Christmas spirit is back with a bang after three years in Dublin city’s most decorated boozer
The Ginger Man in Dublin city centre has clamped down on electricity-guzzling lights this year and ramped up the amount of decorations instead to make it arguably the country’s glitziest public premises at Yuletide.
The effort that goes into transforming three floors in the busy hostelry is immense though and it’s a tradition that started out 32 years ago with just a few fairylights.
“The decorations themselves, we’ve been gathering them over 30 years,” confirms owner Stephen Mooney. “We have got people to send them to us as well. We collected a lot from America. Anytime any of my kids go on holiday somewhere, we would always try and pick something from where they’ve been.”
The foundations are laid as early as the beginning of October.
“We put branches up in October,” he explains. “I’ve a brother with a bit of land down in Wicklow and we cut down some trees. We put the trees on the ceiling in October and we usually decorate for Halloween.
“Then we leave them up and then we decorate. That usually takes us about a week or 10 days to do that end of it. The actual night of the decorations is 30 people and it usually takes us 36 hours to do it.”
Various groups are tasked with different functions in the Fenian street pub.
“We break it up into different sections,” he notes. “Teams of people are in teams of three. Basically, everyone is given a section. Then we have somebody that does nothing else but distributes where things are going. So, we have to be exceptionally careful when we are packing them away every year, so everything is well marked, well packed away, well padded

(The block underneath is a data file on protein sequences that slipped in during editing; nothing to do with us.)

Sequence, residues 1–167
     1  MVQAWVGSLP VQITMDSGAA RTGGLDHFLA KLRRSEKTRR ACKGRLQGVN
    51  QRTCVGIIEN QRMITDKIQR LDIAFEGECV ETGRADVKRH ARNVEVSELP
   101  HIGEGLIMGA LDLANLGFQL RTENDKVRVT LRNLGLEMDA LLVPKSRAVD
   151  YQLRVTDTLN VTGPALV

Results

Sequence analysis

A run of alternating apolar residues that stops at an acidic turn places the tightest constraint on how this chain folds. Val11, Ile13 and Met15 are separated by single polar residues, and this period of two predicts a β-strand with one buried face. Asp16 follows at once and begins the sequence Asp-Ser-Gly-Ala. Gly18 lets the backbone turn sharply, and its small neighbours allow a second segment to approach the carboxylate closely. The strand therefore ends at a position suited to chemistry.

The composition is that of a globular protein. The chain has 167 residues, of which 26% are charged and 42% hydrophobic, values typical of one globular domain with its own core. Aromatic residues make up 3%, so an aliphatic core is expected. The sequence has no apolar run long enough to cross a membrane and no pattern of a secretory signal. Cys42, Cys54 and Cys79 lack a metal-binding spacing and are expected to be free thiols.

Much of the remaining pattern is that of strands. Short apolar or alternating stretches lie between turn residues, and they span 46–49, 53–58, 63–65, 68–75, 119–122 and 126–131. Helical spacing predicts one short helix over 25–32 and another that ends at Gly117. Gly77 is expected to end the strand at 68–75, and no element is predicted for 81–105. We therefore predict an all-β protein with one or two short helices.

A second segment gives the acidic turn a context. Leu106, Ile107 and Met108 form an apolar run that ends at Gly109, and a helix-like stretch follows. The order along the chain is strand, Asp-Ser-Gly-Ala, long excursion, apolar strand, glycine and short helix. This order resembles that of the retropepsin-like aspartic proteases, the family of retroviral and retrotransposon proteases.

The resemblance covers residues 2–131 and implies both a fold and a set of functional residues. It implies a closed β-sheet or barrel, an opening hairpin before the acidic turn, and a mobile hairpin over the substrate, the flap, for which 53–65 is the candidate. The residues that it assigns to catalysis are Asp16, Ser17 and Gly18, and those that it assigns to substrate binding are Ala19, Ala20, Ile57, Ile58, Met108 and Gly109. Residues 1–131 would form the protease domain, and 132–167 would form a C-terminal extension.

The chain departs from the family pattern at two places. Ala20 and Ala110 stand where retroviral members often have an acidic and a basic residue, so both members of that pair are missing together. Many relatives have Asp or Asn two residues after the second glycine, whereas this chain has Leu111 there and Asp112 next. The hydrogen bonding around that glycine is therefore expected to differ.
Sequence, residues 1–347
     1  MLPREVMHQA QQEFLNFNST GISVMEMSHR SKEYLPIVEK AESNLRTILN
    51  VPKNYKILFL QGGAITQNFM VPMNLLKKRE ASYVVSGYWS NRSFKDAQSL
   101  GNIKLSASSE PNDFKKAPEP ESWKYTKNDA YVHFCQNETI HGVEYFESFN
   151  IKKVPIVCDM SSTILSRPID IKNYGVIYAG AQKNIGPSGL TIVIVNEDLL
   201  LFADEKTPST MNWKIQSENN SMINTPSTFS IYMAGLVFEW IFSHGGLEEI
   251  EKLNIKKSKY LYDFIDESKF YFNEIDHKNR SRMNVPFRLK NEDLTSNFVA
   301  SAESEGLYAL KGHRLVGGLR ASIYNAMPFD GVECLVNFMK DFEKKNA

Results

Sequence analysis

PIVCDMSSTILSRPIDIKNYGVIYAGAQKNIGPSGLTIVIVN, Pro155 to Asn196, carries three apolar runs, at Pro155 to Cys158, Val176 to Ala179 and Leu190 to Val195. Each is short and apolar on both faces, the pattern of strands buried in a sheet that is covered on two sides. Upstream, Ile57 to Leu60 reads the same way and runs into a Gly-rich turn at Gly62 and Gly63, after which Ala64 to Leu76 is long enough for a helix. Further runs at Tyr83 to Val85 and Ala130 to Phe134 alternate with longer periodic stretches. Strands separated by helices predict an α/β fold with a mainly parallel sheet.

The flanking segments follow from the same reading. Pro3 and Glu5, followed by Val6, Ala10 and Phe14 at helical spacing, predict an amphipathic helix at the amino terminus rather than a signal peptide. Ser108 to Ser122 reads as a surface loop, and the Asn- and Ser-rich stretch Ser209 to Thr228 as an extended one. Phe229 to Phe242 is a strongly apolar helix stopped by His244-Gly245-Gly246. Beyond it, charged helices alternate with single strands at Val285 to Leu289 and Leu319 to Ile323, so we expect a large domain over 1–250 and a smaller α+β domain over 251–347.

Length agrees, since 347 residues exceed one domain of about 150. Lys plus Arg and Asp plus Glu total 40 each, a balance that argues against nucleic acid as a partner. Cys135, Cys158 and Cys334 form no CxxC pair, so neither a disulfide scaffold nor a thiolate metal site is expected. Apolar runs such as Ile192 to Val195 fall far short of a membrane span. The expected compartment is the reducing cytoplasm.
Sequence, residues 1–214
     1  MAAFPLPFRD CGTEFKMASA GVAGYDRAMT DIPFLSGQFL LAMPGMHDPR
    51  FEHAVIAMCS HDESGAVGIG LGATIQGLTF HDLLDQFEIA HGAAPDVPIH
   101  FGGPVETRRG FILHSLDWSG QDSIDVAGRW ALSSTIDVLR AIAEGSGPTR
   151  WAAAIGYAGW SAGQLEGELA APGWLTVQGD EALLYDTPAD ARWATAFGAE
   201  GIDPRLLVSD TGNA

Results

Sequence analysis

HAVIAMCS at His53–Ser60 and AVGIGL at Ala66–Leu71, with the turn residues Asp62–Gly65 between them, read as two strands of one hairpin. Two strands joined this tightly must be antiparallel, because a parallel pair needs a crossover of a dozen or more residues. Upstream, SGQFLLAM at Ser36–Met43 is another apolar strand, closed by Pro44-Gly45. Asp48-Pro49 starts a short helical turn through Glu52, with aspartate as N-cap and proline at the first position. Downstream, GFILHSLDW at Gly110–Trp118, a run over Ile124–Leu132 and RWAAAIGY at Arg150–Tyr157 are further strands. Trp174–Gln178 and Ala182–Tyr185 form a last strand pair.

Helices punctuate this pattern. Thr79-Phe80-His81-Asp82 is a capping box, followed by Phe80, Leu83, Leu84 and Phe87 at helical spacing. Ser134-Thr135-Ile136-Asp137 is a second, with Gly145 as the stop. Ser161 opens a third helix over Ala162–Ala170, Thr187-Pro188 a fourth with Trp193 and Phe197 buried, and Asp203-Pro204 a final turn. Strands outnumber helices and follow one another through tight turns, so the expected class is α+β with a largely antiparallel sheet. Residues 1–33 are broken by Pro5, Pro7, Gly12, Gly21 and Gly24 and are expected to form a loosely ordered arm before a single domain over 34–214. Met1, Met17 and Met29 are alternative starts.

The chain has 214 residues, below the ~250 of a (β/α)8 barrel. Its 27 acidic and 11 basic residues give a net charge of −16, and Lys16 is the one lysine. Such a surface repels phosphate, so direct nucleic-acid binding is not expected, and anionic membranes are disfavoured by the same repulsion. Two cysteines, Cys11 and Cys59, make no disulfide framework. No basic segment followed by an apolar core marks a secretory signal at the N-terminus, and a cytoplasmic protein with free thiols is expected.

“Then what we try to do is every year we just try to do something that we didn’t do last year, we try to break it up as much as we can into different areas and we try to change lights into different colours into different areas and stuff like that.”
Last Christmas saw pubs closing at 8pm, with social distancing in place, so this is the first time they are back to normal in three years.
But Stephen decided to go a lot greener this year as he was conscious of the spiralling cost of electricity.
“What we did was we try to put up a lot more decoration and what we did was as you can see we changed the original lights that would normally be on, we changed them to coloured bulbs just to create the atmosphere as much as we can,” he points out.
“We probably have around 40 or 50% less lights than we normally would. It was sort of a mixture of both things. It was No 1 we didn’t want ridiculous bills, but more importantly you don’t want to be seen to be abusing the system because we had been listening over the last few months that we don’t have enough electricity stored and I didn’t want to responsible for using more than my quota as such.
“Lights would usually have been the thing that created ambience and we didn’t want use up too much electricity.
“We had to bit of a break during Covid obviously. We wanted to do something really spectacular this year, because of Covid, we wanted to sort of come back with a bang.”
He is also cautious about heating costs.
“I’m no different to anyone else in the country, we are just more conscious and we are not being as flippant as we would have been in previous years,” he tells us.
Stephen who hails from Perrystown in south Dublin, is married and has four grown up children and two grandchildren.
“I would normally buy all my decorations in January and February after Christmas, when they were reduced,” he reveals.
“ So, a lot of the stuff, we would buy in bulk when it was been reduced in price and we sort of don’t know about it until we open it up the following Christmas if you know what I mean.